There are no medical check-ins recorded from March 5 through 11. DOC policy dictates that an inmate who tests positive for COVID-19 should undergo twice daily symptom monitoring. Commissioner Paul Schnell said he believes those check-ins occurred, and could not say why they weren't reflected on Artola's medical records. He believed dramatic symptom changes would be noted in the records, but perhaps not routine check-ins.

However, Artola did get dramatically worse during that timeframe, according to four people who saw or spoke with him.

He lost his appetite and began to feel ill about March 7, according his nephew Balmore Artola, who talked with him on the phone Tuesday, March 9.

Victor soon began to vomit, unable to keep water or food down, according to Harris and Manuel Muro-Martinez, another inmate who advocated on Victor's behalf. The Centers for Disease Control and Prevention lists vomiting as one of the symptoms of COVID-19.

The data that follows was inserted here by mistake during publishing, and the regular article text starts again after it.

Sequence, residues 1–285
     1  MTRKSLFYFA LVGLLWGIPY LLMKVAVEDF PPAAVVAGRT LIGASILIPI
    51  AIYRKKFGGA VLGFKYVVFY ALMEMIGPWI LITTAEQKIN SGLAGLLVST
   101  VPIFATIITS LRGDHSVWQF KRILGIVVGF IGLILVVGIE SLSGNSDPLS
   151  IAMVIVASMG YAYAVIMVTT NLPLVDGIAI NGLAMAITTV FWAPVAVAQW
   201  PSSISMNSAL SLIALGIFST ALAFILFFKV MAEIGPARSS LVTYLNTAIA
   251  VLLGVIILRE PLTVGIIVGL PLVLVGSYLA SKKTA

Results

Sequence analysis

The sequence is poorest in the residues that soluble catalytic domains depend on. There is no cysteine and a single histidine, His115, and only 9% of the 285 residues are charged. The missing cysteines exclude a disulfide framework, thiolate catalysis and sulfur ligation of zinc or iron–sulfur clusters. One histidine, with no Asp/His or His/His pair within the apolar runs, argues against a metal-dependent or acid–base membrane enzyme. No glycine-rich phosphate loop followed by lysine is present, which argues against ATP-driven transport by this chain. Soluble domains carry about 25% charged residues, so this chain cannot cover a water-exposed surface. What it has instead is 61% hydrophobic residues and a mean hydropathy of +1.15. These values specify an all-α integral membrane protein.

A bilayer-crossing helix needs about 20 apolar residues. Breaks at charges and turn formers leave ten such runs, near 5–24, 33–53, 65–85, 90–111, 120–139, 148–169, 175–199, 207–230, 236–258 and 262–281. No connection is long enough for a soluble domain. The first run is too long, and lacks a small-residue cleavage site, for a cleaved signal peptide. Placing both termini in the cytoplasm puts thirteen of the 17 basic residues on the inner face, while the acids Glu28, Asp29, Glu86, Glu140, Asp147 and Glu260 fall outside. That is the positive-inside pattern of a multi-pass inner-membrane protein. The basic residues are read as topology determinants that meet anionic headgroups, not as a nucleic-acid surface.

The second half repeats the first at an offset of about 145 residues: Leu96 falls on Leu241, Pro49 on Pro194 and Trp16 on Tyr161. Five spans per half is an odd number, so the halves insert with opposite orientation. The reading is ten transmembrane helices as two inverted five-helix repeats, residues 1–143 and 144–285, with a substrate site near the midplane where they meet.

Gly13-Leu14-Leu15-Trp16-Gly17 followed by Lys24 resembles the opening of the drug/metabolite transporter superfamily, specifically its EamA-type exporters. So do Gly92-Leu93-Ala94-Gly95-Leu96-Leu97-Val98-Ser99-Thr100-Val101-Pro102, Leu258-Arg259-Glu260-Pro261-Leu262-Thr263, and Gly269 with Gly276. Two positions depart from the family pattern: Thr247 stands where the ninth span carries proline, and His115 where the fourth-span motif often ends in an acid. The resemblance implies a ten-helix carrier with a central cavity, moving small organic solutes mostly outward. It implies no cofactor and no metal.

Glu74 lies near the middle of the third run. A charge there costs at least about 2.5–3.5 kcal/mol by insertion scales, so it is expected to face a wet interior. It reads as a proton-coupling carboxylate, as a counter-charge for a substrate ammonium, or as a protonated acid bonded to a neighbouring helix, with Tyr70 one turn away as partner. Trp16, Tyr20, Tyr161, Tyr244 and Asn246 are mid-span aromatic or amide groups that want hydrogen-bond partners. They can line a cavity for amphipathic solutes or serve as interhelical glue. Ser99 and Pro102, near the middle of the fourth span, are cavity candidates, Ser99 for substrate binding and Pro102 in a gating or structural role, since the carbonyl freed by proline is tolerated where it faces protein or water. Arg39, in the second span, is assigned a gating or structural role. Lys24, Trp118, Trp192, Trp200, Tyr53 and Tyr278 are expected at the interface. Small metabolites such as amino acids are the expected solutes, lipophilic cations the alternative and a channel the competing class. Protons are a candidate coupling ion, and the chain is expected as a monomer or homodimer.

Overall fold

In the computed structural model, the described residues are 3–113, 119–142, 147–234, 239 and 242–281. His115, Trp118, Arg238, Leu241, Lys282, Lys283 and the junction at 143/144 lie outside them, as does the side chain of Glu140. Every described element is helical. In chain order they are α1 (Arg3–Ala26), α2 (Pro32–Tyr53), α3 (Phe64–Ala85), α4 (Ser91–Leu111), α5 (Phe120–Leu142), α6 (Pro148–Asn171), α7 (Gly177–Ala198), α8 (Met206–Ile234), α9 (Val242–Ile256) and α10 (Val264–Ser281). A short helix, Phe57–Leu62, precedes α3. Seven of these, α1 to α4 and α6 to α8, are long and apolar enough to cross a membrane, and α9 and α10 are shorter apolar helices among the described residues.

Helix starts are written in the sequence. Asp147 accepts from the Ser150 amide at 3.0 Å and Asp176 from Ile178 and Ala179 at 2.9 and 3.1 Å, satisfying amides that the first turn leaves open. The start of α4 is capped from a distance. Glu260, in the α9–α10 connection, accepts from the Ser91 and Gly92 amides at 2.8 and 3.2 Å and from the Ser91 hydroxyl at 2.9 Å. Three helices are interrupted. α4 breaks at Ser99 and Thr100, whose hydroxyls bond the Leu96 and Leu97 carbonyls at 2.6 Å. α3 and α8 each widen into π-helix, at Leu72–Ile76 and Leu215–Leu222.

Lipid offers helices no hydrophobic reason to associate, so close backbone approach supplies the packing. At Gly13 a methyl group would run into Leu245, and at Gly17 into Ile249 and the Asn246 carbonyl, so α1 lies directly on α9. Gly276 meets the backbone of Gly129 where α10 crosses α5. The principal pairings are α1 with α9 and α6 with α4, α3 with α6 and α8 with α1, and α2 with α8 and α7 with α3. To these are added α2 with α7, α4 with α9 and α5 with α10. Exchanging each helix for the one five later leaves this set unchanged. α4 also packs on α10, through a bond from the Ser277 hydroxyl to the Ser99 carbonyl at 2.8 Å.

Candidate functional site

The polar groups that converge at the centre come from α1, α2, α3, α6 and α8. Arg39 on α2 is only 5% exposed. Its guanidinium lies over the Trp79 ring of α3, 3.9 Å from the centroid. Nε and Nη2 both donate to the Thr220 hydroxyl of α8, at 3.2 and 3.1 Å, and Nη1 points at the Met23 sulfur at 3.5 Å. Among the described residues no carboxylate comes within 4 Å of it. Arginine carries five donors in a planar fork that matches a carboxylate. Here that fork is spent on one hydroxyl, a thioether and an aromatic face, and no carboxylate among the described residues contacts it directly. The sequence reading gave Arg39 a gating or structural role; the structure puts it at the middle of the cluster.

Prison staff offered cloths and germicide to clean up the mess. Fearing for his cellmate's life, Harris implored staff to take Victor's symptoms more seriously.

“I’m constantly begging them to take him to the hospital,” Harris said. “(Victor) just kept holding his stomach. … He told the (correctional officers) ‘Me no good. I'm not good. Am I going to be taken to the hospital?’ And they kept saying there was nothing we could do."

At 3 p.m. March 12, after Artola had been vomiting for at least two days, correctional officers grew more concerned with his condition. Officer Leilani Bang called an available registered nurse to check on Artola and take his vital signs, according to an investigation from a DOC forensic pathology specialist.